Supreme Court Bombshell: No Right to Remain Silent

chanson78

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I think what is the most scary, is that while you can still utilise the 5th to avoid incriminating yourself, you still have to "know the magic words".

"I ain't talkin." - Not good enough, can paint that as guilty in front of a jury.
"I'm not talking." - Not good enough, can paint that as guilty in front of a jury.
“I expressly invoke the privilege against self incrimination” - Magic words that forces police to leave you alone.

There will likely be no modification to Miranda to ensure that people know these magic words. It is almost hearkening back to the age when those with power witheld knowledge from the masses to be able to twist the system to keep them oppressed and beat down.
 

Tidewater

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“I expressly invoke the privilege against self incrimination” - Magic words that forces police to leave you alone.

There will likely be no modification to Miranda to ensure that people know these magic words. It is almost hearkening back to the age when those with power witheld knowledge from the masses to be able to twist the system to keep them oppressed and beat down.
In this case Salinas had not been arrested yet, he was only being questioned pursuant to an investigation of a crime.
 

G-VilleTider

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In this case Salinas had not been arrested yet, he was only being questioned pursuant to an investigation of a crime.
Interesting. So does the right to remain silent only apply after an arrest? If you remain silent or refuse to answer during questioning only, can you be charged with obstruction or another crime? Does a request for a lawyer have the same effect during questioning as it does after an arrest?
 

cbi1972

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I mean, if we are going to be constitutionalists in part, let's be them in whole. The Fifth Amendment says, that no one "shall be compelled in any criminal case to be a witness against himself.” When the question was asked, he wasn't arrested. He wasn't on trial. He wasn't even in custody. I see no problem with this ruling.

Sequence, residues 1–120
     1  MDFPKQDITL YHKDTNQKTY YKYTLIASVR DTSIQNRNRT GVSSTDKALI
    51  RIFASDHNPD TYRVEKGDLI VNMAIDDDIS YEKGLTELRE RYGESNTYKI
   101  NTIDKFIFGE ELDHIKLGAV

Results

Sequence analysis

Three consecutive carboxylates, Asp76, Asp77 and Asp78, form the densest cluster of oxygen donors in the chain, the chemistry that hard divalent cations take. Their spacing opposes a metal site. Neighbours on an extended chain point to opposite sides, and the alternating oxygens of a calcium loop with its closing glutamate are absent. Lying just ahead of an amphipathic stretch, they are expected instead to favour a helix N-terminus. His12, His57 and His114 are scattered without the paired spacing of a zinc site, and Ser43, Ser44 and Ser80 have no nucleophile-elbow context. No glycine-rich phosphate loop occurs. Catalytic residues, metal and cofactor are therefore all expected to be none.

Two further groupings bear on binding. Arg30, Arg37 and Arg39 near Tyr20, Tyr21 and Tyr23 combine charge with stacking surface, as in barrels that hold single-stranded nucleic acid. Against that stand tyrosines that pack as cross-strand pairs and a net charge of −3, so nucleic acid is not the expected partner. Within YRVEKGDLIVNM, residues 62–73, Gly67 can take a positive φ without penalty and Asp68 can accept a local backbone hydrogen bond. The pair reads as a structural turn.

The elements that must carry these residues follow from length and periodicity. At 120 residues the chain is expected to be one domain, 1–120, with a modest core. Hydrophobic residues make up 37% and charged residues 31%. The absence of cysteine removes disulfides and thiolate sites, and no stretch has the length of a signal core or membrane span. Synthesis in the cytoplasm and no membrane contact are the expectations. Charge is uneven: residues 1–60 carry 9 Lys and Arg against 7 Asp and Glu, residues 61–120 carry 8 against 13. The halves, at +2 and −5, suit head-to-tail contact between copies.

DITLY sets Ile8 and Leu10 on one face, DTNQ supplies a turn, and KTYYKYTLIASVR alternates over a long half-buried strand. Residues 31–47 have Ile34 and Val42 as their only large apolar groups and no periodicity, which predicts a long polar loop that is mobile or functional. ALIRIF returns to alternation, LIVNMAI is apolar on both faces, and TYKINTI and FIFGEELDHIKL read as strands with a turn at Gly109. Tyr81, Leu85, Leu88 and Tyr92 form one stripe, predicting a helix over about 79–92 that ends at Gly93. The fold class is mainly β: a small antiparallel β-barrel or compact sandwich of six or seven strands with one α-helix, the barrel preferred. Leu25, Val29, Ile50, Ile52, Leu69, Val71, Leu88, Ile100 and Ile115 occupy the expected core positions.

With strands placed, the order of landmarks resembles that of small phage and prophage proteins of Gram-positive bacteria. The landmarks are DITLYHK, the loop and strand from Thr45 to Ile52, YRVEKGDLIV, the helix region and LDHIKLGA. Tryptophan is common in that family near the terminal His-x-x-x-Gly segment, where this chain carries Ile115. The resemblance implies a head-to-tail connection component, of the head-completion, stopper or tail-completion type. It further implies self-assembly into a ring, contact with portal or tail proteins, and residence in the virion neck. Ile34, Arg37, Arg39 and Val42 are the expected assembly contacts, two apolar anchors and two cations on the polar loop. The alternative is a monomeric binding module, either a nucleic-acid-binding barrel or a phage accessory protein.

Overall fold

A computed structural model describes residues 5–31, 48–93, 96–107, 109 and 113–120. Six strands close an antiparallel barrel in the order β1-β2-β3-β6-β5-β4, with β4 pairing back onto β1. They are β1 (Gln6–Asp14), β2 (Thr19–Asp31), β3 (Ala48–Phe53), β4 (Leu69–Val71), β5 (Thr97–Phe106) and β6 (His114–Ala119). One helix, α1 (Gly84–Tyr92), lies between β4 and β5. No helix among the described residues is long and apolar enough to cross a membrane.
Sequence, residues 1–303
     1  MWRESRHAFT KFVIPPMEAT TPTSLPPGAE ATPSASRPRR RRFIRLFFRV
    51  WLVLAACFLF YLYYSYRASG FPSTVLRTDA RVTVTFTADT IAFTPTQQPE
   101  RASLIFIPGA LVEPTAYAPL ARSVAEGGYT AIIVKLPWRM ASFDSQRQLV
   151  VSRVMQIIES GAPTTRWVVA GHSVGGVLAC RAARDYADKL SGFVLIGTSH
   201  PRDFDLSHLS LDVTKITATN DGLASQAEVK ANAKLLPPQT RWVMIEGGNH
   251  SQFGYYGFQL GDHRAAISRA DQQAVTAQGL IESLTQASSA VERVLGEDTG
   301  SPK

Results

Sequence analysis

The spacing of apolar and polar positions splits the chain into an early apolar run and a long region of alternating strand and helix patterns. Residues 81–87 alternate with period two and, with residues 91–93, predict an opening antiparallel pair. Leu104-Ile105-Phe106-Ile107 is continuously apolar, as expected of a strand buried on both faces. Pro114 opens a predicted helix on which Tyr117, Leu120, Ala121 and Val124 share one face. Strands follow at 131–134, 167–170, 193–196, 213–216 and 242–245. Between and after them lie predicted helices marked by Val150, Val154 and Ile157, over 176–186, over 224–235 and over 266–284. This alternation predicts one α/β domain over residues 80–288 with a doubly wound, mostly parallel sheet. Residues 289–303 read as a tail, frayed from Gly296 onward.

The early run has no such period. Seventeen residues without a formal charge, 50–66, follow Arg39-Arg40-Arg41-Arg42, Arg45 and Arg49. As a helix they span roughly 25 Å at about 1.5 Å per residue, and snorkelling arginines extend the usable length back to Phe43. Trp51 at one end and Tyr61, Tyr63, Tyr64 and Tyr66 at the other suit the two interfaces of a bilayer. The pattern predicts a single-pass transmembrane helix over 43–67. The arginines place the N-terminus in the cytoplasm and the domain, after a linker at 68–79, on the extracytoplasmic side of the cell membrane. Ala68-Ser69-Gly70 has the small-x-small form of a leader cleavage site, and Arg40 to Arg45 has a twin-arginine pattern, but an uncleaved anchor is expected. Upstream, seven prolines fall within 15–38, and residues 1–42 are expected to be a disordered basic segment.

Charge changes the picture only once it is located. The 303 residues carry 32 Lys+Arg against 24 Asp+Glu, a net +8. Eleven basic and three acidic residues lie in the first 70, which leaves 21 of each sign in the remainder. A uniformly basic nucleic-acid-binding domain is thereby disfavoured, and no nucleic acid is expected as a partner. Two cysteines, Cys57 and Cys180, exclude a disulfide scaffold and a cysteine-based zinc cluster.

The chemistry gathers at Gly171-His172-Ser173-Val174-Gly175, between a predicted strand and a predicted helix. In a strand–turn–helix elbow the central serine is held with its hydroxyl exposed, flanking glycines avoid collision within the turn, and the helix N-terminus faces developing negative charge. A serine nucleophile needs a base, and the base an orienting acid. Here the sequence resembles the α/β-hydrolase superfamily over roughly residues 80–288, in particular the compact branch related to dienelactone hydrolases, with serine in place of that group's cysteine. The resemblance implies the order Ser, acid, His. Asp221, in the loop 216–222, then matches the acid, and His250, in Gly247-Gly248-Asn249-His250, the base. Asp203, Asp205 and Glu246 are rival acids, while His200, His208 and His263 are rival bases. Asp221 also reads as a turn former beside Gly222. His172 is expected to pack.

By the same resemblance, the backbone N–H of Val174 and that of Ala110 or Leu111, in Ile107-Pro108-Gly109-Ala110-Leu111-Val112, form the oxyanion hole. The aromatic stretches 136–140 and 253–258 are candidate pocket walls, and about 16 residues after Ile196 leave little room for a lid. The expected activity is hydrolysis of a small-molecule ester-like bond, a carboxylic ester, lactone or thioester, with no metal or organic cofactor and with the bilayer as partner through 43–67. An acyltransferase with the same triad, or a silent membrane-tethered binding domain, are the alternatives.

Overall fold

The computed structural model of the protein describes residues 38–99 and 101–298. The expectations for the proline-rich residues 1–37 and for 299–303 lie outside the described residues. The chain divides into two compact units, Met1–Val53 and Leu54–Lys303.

What, in your opinion, is required in order to enjoy 5th Amendment protection?
 

AlexanderFan

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I think what is the most scary, is that while you can still utilise the 5th to avoid incriminating yourself, you still have to "know the magic words".

"I ain't talkin." - Not good enough, can paint that as guilty in front of a jury.
"I'm not talking." - Not good enough, can paint that as guilty in front of a jury.
“I expressly invoke the privilege against self incrimination” - Magic words that forces police to leave you alone.

There will likely be no modification to Miranda to ensure that people know these magic words. It is almost hearkening back to the age when those with power witheld knowledge from the masses to be able to twist the system to keep them oppressed and beat down.
Almost? That is exactly what is happening.

Sent from my DROID RAZR HD using Tapatalk 2
 

cbi1972

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Constitutional principles should not be opaque to the average citizen. If we have to jump through arcane and/or unknown technical and legal hoops to enjoy our rights, then they may as well not exist.
 

TIDE-HSV

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Well, if you are brought to trial, you shouldn't have to testify against yourself. That doesn't seem particularly opaque to me. Everything beyond that is a prophylactic addition. If you are arrested but they can use your silence during interrogation against you in a trial, it's sorta like testifying against yourself (through silence). Or that was the original Supreme Court justification at least. Cases like this are what happens when you try and play around with the Constitution to make it do things you want--like give you a "right to remain silent." The limits get fuzzy.
I don't think the limits were fuzzy at all - until yesterday...
 

crimsonaudio